Mushroom Management is a learning structure for organizing classroom instruction around a problem-centered curriculum.It is characterized by four phases of instruction:
1. Put ‘em in the dark
2. Feed ‘em manure
3. Stand back and watch ‘em grow
4. Chop off their heads and ship ‘em
Process/problem-centered as opposed to content centered
Encourages higher-order thinking
Motivates and engages students
Encourages students to self-assess
Put ‘em in the dark
Problem: Show students a controversial ad (for example: Rinsing with Listerine is better than using dental floss)
Feed ‘em manure
Provide students with resources (articles, search strategies etc) that will give them background knowledge to understand the issues involved (for example: characteristics of plaque biofilms, effective methods of plaque removal, research methods, other abstracts and articles on flossing or rinsing)
Stand back and watch ‘em grow
Let them ask questions, find answers, compare studies, analyze data, methods etc.
Chop off their heads and ship ‘em
Invite a sales representative from the company (Listerine) and let the students ask questions. They can then write reflections about what they learned and how it will affect the decisions they make in practice.
Introduce students to several unusual rocks. Ask students what they notice about the objects. Ask students what information they might want in order to find out more about where the rocks came from and why they look the way they do.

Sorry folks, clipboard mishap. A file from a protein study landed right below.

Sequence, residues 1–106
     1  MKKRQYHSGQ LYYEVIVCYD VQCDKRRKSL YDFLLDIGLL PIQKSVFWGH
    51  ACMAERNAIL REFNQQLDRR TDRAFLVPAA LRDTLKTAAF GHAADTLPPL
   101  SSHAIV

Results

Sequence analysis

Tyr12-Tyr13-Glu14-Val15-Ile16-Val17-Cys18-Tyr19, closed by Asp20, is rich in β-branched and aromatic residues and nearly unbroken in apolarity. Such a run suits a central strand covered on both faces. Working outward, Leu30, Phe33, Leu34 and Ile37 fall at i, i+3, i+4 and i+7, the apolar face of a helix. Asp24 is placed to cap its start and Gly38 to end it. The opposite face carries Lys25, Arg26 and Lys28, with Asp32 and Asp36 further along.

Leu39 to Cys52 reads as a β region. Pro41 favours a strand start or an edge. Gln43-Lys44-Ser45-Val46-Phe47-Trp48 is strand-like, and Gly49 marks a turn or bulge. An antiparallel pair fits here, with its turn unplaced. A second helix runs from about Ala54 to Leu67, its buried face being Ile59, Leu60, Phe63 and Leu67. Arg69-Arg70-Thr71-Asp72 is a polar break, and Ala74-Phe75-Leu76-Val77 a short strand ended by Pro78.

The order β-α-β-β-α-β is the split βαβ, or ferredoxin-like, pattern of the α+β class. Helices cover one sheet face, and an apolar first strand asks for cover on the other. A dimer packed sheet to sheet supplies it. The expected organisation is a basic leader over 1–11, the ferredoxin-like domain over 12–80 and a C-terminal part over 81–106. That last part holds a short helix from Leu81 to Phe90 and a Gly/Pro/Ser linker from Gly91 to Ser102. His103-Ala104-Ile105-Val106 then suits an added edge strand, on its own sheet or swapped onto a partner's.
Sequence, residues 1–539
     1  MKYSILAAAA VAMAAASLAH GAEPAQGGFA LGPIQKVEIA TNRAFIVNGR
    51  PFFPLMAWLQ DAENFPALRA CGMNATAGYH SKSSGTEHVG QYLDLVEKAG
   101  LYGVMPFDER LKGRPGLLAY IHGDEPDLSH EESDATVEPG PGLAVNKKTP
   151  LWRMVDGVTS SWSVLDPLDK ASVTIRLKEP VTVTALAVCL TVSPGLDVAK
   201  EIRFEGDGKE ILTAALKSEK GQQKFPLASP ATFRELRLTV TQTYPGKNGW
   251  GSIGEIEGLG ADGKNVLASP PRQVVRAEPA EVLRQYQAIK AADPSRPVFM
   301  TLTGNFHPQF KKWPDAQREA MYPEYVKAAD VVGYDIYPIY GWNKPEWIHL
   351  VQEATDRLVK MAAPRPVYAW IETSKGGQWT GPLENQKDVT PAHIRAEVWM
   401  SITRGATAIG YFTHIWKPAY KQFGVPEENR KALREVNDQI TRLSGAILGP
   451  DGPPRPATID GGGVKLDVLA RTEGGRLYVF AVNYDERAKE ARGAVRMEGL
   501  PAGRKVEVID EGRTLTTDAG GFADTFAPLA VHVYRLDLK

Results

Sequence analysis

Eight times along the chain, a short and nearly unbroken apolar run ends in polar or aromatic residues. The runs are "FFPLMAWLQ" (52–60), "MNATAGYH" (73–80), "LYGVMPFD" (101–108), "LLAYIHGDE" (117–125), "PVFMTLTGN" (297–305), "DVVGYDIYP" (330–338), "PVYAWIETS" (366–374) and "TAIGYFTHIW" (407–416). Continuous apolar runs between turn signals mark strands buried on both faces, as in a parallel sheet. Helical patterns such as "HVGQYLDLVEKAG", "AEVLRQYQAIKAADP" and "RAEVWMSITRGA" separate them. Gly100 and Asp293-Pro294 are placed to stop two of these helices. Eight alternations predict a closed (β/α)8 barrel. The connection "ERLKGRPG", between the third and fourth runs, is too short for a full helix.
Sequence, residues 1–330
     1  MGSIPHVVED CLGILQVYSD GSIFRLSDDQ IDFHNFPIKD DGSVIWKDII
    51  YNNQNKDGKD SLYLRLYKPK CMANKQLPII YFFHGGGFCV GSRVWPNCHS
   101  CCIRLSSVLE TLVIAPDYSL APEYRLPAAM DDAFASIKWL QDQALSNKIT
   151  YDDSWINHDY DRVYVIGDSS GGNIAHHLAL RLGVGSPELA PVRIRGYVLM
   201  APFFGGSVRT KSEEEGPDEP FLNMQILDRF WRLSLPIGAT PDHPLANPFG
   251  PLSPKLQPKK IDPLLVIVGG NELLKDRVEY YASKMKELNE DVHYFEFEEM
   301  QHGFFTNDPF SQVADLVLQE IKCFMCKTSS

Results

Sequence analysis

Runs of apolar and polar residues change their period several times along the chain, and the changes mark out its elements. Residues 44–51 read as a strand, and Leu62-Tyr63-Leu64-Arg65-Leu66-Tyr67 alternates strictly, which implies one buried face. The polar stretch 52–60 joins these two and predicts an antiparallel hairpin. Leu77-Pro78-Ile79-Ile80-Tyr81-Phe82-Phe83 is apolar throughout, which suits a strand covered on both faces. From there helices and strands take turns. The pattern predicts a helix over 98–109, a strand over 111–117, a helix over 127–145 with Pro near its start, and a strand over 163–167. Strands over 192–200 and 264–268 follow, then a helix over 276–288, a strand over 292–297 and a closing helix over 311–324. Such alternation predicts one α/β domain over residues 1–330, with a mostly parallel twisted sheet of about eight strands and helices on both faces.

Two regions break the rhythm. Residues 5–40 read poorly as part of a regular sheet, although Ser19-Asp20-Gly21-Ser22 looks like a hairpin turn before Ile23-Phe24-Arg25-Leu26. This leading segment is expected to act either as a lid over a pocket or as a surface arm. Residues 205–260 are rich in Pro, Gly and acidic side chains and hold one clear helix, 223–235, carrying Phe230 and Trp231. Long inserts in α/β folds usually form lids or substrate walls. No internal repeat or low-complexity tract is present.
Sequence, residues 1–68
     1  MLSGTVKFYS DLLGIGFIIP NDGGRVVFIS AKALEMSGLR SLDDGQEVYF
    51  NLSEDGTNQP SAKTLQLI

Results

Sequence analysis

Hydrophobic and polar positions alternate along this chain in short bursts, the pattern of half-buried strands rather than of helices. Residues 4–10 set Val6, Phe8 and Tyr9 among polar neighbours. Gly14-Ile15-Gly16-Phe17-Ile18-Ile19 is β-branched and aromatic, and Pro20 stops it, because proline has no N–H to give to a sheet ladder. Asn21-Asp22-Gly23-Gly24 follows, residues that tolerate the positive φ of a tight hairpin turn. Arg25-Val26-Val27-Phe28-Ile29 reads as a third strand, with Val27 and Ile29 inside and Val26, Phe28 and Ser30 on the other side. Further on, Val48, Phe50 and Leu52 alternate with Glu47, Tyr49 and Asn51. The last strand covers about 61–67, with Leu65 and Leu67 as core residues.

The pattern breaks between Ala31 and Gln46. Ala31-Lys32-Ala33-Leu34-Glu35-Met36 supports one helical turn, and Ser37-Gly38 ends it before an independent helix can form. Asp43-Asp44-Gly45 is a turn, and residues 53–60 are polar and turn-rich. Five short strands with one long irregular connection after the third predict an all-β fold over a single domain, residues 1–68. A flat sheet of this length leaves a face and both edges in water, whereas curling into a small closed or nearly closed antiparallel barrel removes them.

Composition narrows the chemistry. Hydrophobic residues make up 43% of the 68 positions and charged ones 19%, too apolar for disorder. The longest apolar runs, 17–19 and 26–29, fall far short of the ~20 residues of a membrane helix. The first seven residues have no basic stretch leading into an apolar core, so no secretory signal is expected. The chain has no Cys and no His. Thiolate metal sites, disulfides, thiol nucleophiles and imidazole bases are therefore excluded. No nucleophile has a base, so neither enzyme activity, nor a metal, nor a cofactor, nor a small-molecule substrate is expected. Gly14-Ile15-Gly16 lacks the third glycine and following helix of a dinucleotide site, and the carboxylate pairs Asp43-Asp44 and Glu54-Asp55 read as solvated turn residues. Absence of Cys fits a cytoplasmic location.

During this phase, student will learn how to find out more about rocks through learning about various rock test and what those tests tell students. For example, students will learn that applying hydrochloric acid to a rock can tell you if the acid fizzes, the rock contains calcite.
Student use the tools, techniques, and knowledge they learn in the “feed them manure” phase to categorize a variety of rocks as sedimentary, metamorphic or igneous rocks. They will justify their findings using evidence at a class science conference.
Finally, student will go on a field trip to the Grand Canyon. With the aid of the guide, students will use their tools and techniques in the field to identify rocks that make up different layers of the canyon. After identifying most of the rocks as sedimentary, students will use this information to develop a theory of how Grand Canyon was formed.
You and your family have just won 4 million dollars from a lottery ticket Santa put in your 4 year-old sister’s Christmas stocking. What kinds of experiences and choices will you and your family have to make quickly?
Norton, P. (1992) When Technology Meets the Subject-Matter Disciplines in Education Part Three: Incorporating the Computer as Method. Educational Technology 22(8), 35-44.
Kidder, J.T. (1981) The Soul of New Machine. Little, Brown and company, Boston.
A Summary of Mushroom Management. Retrieved February 22, 2003, from http://dana.ucc.nau.edu/~tmh37/Web Wizard/MM/mmusm.html
Stoehr, H. (2001). Mushroom Management. Retrieved February 22, 2003, from http://dana.ucc.nau.edu/~has22/Mushroom/MM.htm